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The Fork
by Kell Inkston

Finally, a fork in the road. Alexander heard of  hard moral decisions like this from his father, and now its his turn.

“Alright!” he said, “my very first fork in the road.”

Oh you poor sod, how little you are prepared.

Alex raises his hand with the rigidness and authority of an officer, expecting the truth to be easily visible.

Down the left road, of course, is a well-lit, happy wood with kindly forest animals dancing around lovely, singing princesses. The right road is dark, filled with cobwebs, and the direction many alien and alarming sounds come from.

He points  easily to the left, happy road, and starts down his way a few steps; but then Alexander stops. He remembered something else his father told him, that appearances are often false, and if something seems to good to be true, is it truly? He breaks into a nervous sweat as one of the fair-skinned princesses waves at him, her bird friends carrying water back to her step-mother’s house for her.

Alex smiles at the girl, but steps back to the center of the fork.

Perhaps it is all well and good that he did not go that way, because he is sure that the right fork will be beautiful and kindly just a mile down the road, whereas the seemingly happy, lovely road will lead to naught but peril. Alex nods, congratulating his foresight and wisdom, and then goes down the right path. Another chill runs down his spine.

What if, he wonders, what if the appearances really are true, and that this will lead him into some giant spider’s den, or the domain of some dark, cruel maniacs? Certainly life isn’t all illusions: a knife really is still a knife, right?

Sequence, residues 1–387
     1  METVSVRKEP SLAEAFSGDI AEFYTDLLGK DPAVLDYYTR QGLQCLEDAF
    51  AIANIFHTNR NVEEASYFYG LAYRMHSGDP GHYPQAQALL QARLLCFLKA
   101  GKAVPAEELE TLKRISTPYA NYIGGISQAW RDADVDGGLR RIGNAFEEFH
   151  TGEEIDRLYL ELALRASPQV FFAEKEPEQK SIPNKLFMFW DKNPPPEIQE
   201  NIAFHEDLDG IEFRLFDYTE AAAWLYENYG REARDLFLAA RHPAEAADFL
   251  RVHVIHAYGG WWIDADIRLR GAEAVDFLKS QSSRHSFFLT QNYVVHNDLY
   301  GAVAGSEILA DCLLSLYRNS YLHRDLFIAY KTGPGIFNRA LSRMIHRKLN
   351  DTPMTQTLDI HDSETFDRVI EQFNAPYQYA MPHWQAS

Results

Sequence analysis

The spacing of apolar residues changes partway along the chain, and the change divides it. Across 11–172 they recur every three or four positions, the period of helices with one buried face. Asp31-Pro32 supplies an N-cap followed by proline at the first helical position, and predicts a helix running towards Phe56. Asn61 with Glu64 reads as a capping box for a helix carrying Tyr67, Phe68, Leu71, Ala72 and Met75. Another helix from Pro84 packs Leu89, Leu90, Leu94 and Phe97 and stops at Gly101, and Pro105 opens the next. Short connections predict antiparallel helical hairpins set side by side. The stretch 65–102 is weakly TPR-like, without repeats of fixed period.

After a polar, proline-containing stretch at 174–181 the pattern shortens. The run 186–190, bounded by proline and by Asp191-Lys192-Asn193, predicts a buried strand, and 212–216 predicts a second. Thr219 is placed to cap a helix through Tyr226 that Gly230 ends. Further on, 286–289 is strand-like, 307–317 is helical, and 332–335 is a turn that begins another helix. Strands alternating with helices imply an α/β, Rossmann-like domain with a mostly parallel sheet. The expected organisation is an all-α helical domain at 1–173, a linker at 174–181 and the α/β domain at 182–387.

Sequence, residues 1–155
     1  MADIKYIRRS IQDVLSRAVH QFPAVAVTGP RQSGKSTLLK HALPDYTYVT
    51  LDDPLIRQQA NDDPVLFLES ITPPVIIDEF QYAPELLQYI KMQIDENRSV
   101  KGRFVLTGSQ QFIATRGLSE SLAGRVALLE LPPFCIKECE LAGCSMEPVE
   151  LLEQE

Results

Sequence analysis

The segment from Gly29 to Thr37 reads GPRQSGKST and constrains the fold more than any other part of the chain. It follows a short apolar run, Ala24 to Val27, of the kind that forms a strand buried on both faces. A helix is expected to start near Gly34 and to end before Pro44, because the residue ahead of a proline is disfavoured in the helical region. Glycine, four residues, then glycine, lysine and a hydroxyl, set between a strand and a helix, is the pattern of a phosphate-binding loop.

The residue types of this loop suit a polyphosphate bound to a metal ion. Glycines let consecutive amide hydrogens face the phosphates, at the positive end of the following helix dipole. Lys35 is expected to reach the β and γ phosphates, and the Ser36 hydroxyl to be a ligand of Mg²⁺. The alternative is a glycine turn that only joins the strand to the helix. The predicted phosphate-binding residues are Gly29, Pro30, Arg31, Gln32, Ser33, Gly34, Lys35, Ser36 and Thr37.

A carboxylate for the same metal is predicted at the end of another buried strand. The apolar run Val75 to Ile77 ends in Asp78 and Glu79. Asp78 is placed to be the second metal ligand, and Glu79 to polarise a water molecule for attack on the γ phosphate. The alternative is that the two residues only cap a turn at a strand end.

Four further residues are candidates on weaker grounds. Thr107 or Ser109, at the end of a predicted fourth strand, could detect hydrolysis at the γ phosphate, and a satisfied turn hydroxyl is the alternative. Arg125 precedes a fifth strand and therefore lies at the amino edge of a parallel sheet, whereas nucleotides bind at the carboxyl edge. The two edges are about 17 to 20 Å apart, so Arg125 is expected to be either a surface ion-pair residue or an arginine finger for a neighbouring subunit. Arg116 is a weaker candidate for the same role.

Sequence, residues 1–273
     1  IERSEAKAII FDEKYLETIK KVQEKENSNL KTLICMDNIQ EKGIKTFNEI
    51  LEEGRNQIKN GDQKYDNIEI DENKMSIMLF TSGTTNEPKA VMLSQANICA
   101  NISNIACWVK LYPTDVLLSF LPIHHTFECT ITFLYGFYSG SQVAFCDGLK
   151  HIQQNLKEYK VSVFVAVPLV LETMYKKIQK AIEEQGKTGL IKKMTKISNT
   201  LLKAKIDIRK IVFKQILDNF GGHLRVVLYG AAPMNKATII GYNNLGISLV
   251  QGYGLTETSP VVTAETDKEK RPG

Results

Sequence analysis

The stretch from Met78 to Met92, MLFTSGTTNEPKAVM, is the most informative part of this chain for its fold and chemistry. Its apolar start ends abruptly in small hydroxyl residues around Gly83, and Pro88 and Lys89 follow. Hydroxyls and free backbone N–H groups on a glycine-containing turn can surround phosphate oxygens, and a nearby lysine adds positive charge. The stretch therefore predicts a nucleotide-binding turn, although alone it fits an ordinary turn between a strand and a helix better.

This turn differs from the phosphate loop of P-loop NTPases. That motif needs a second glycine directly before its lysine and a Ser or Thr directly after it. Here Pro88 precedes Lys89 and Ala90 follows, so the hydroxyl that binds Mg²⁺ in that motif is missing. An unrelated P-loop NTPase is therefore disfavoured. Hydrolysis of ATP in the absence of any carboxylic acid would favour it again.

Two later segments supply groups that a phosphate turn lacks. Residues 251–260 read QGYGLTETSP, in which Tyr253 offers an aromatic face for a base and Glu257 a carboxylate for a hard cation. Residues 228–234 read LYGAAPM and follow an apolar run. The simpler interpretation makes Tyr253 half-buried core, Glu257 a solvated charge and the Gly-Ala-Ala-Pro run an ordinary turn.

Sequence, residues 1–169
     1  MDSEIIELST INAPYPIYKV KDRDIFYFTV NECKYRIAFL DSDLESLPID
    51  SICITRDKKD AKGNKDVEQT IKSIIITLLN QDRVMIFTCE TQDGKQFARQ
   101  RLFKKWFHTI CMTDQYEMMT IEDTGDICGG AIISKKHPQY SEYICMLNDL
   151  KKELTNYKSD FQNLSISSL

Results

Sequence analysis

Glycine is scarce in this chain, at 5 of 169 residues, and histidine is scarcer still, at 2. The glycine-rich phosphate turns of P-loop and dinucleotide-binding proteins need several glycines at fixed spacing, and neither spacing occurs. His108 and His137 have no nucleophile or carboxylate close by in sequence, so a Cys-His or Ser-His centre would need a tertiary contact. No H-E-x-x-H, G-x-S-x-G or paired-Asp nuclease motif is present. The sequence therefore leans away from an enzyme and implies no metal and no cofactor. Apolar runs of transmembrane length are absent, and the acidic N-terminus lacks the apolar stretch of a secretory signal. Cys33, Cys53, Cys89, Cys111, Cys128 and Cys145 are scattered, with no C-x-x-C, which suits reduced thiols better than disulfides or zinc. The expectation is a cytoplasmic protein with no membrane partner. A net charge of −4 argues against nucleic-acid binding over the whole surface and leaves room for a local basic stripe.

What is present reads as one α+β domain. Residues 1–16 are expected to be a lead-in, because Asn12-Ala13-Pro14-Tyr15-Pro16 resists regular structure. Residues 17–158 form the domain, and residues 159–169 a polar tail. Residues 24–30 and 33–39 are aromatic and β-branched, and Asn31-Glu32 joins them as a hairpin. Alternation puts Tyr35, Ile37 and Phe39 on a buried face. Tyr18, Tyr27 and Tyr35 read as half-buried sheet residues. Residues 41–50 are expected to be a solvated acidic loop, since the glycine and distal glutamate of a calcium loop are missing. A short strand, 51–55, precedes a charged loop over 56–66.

He returns to the center, his fear of the uncertain stronger than his desire for adventure. Maybe he should just turn back, go home, fall in love with one of the towns-girls, get married, have kids, get old, die. Perhaps a simple life would be more his speed. No, he wouldn’t like that. It was the stories of heroes fighting dragons and finding treasure and meting out justice that he liked the most as a boy. He turns back to the original fork of the left and right path.

“My entire life will be decided by this moment,” he says to himself.

He wonders next if this path is designed to look this way or not. Certainly the connecting biomes between the forests, just meters away, wouldn’t be that great. He could probably see the right path’s forest from the left path, and vice versa. It seems so uncanny- someone must have placed it there! Certainly someone has pruned this to look a certain way, and thus, the scary path must have something that’s worth hiding. “Treasure,” Alex says with an intense gaze.

At that, he runs down the right path, runs through a hologram, and falls to his doom in the form of a pit of spikes, made out of salt, on fire, the fire of which also has spikes attached.

Stupid humans, forgetting they were harvested to the mothership eons ago. We have no need for ones that think.